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Editorial: Look back

Covid curbs lifted, but India needs to learn from the experience
Representational image.
Representational image.
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The Editorial Board   |   Published 25.03.22, 04:22 AM

The Centre has decided to lift Covid-19 restrictions, barring a few, by the end of March for the first time in two years. It is true that the infection rate has been falling — the country witnessed fewer than 2,000 cases in the last 24 hours. But this should not be seen as a signal to let the proverbial guard down. There has been a surge in Covid re-infections in some parts of the world, including the United States of America, China and South Korea. India, given its lax culture of civic consciousness, will continue to remain a potential target of the virus that seems to have resurrected itself.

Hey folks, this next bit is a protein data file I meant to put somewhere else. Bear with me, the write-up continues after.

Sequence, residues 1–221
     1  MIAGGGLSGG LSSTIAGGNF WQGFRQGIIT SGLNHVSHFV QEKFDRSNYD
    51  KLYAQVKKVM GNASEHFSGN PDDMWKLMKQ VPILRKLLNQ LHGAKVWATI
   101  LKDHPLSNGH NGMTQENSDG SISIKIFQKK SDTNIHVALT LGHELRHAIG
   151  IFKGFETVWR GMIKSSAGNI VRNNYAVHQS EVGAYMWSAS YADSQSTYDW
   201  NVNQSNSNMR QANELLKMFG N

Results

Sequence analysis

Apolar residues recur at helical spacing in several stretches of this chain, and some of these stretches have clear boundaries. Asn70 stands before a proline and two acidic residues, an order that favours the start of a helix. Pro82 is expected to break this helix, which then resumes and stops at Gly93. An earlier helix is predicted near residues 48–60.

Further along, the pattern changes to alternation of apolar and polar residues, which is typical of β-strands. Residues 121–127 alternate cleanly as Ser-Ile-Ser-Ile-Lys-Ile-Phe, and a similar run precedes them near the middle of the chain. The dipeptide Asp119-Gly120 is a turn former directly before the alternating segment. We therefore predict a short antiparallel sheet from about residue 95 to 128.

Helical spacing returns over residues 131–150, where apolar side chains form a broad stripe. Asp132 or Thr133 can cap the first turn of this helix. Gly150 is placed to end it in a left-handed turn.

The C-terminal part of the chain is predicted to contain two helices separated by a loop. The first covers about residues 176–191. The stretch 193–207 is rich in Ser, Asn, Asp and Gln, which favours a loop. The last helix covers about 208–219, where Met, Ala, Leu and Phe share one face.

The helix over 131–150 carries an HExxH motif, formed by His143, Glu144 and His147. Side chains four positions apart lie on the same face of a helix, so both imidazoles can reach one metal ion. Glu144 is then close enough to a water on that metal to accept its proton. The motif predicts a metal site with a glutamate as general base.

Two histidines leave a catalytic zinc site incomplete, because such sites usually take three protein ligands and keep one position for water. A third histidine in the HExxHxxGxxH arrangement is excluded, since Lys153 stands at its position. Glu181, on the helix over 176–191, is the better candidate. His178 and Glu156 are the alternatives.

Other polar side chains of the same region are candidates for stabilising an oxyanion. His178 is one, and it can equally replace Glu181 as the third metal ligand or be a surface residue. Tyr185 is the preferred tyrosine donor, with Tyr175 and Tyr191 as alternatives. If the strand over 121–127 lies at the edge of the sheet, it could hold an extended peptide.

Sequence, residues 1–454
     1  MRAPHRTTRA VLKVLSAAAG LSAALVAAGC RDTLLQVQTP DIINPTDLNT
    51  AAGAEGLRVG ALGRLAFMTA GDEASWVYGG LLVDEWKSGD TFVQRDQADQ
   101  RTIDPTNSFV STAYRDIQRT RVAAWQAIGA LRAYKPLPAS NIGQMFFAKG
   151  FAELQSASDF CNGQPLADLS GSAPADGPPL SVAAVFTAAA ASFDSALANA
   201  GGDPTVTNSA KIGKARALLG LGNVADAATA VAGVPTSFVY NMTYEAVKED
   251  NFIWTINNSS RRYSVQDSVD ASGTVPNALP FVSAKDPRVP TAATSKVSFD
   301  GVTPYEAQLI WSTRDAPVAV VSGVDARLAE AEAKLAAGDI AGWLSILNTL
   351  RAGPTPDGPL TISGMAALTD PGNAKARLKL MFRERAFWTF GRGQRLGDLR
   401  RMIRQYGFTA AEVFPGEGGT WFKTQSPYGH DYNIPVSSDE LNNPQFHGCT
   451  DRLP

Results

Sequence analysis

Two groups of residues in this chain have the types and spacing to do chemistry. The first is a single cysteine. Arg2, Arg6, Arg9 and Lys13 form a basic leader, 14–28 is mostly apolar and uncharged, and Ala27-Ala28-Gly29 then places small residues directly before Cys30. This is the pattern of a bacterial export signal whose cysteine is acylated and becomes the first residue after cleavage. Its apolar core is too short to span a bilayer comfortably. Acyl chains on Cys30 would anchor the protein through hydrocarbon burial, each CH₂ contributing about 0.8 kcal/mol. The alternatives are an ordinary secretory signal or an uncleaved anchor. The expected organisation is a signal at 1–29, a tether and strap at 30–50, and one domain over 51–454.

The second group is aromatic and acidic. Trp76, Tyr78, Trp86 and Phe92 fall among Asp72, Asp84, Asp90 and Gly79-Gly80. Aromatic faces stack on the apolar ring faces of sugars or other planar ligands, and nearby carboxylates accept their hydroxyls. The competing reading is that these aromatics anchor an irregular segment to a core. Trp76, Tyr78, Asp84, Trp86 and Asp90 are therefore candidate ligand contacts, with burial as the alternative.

There is, however, another pertinent issue. India needs to reflect on and learn from its experience during the period of Covid-induced restrictions. This phase bared some of the ugliest warts in governance, healthcare and, most strikingly, its body politic. There was the horror of government ineptitude when the nation was lashed by the first two waves of the pandemic. Searing images — be it of bodies floating on the Ganges or, earlier, migrant labourers trudging on deserted highways in a desperate bid to reach home — bore evidence of the government’s insensitivity. Meanwhile, the economy continued to tumble in the absence of meaningful interventions, magnifying public suffering. Equally shameful was the weaponization of no less than a health emergency to target minorities — Muslims — by social and political segments that are fuelling India’s unabashed march towards majoritarianism. There can be no greater evidence of the deterioration in — near-obliteration of — the pluralist ethos cemented in the constitutional vision. Rickety hospital infrastructure, the dissemination of unscientific concoctions as medical remedies as well as a tepid response to safety protocols were some of the other overwhelming features of this difficult time. Strangely enough, these marked failures have not elicited an electoral retribution on the ruling Bharatiya Janata Party. If the last round of assembly elections were an indication, the BJP’s policy failures on numerous fronts seem to have been brushed away by the electorate in these states. The last two years of suffering — India and the world are not out of the woods yet — have thus dismantled two entrenched assumptions. First, that a regime’s failure during a health crisis brings collateral political damage. Second, that a pandemic is a medical crisis only. It is not. It wreaks equivalent social and economic costs. India is proof of that.



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